10 Lessons From my First Year in Pastoral Ministry

I learned so much in my first year and hope these lessons, (in no particular order of importance) that I am still learning, would be a blessing to you as well.

Taking risks and working hard is important, but as my professors would always remind us “you can lose your ministry and keep your marriage, but you cannot lose your marriage and keep your ministry”. You don’t realize the weight and busyness of ministry until you’re in it. It’s very easy to neglect the family, and to have a selfish mentality when coming home. As we’ve seen in many pastor’s lives, even this past year, it’s very easy to lose your family if you don’t care for it.


Many times this year I would be sharing the Gospel with someone and all of a sudden it would dawn on me, “I can’t believe I’m getting paid to do this!” It is an incredible privilege to be paid to be in full-time ministry, and its something that we should never take for granted. I learned so much in my first year and hope these lessons, (in no particular order of importance) that I am still learning, would be a blessing to you as well.

1. My seminary isn’t the only seminary

I am on a staff full of people who have not attended my seminary. In fact less than 5% have. And it’s a healthy church. A very healthy church. How could this be? The fact of the matter is that God is working all over the world, and through all kinds of people. He has raised up other churches and seminaries that are doing a wonderful job of training up elders, deacons and lay-people who love the Lord and serve Him well. While I would always encourage someone to attend the seminary I went to, I have to keep in mind that it isn’t the only seminary that God is blessing.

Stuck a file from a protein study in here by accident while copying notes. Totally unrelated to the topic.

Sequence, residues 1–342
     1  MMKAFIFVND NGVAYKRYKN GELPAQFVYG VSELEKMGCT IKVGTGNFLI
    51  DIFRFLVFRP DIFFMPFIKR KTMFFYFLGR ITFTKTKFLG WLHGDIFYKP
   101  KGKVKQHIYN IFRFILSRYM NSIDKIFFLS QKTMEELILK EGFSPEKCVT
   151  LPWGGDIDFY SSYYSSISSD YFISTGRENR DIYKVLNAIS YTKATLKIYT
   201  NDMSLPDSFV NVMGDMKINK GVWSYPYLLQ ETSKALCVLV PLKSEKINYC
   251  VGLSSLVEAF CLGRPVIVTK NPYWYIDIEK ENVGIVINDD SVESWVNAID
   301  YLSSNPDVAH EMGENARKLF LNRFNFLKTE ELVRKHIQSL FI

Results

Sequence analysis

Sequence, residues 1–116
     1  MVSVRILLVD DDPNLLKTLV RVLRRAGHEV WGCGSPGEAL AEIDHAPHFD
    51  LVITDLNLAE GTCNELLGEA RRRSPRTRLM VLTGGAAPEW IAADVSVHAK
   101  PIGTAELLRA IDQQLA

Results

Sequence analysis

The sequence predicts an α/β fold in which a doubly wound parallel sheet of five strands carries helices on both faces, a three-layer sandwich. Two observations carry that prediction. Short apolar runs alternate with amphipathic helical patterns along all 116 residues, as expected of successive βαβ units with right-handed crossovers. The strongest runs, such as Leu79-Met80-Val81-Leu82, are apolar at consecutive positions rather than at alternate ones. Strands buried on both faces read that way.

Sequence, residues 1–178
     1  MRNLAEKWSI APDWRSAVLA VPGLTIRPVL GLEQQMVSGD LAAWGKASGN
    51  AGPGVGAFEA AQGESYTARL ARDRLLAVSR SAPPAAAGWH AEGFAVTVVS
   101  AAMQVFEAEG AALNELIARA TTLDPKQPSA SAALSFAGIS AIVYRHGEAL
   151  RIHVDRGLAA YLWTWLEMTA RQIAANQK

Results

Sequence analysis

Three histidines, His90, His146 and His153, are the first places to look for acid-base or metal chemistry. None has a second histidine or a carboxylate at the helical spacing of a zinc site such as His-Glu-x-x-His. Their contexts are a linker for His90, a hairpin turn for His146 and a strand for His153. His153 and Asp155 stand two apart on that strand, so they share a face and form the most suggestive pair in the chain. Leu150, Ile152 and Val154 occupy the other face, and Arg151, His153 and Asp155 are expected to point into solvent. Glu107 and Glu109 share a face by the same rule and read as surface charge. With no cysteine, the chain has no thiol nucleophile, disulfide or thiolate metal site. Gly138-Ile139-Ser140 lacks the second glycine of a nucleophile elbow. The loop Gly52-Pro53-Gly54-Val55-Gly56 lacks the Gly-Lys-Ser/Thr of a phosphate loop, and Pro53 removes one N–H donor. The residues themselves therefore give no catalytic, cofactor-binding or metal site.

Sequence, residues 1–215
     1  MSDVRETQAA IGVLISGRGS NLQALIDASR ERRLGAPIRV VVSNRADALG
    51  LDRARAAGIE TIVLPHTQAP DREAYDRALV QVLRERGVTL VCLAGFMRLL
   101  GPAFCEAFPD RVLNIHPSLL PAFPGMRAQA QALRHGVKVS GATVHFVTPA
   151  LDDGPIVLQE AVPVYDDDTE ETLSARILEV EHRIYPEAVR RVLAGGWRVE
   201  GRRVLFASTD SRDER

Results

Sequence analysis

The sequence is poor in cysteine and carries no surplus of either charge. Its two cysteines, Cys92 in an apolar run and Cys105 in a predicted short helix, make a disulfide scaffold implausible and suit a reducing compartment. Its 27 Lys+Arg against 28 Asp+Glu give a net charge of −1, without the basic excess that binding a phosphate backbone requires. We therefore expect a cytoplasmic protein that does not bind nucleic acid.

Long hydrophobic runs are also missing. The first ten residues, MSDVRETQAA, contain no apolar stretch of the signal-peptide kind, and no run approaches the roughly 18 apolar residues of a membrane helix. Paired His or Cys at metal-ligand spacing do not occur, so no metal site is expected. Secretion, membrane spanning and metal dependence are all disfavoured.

2. My church is not the only church

It hit me one Sunday night when my pastor recommended a book, written by a pastor who’s church was only a few miles away from ours. Why in the world would he do that? It was a big lesson for me. Pride would tell us that people are better off at our church, but there are other churches around us who love the Lord, preach the true Gospel, and have solid doctrine. Having a prideful mentality about where people should and shouldn’t go to church is divisive.

3. If you only listen to one guy you will sound like a bad version of him

We all have writers and preachers that God has used in our lives in a special way. It’s critical though that we expand our readership, and the sermons we listen to.

H.B. Charles says,

“I pity the congregation that only hears one preacher. And I pity the preacher who only listens to one preacher, especially if he is that one preacher! Sitting under the ministry of others will elevate your preaching. Listen to sermons by noted preachers. Read classic sermons. Hear respected preachers in person. Expose yourself to great preaching. The more, the better. Following various effective preachers will help you resist the urge to mimic any particular preacher. It is often said that there are two times a preacher wants to preach – when he hears a preacher who can preach well, and when he hears one who cannot.”

It has been a blessing to realize that I’m not as good a preacher as I thought I was. Being willing to admit that and to welcome feedback has been a game-changer.

4. You need to be a go-getter

Things don’t just automatically happen. Just like when you’ve grown up and don’t have a parent to wake you up, in ministry, although the elders may have expectations, they are not going to direct you in what to do. You need to be the one to make the phone calls, meet with people, and get stuff done. No one is going to hold your hand.

5. Shut up

Just because your church doesn’t do everything the way you think it should be done, doesn’t mean you need to go and point it out right away or ever. God allows Joel Osteen to preach every single Sunday without killing him (a la Ananias and Sapphira) so what makes me think that I need to put a stop to everything right away if ever. Nothing in your church is as bad as Joel Osteen. If it is you’re in the wrong church. Everything is not life and death.

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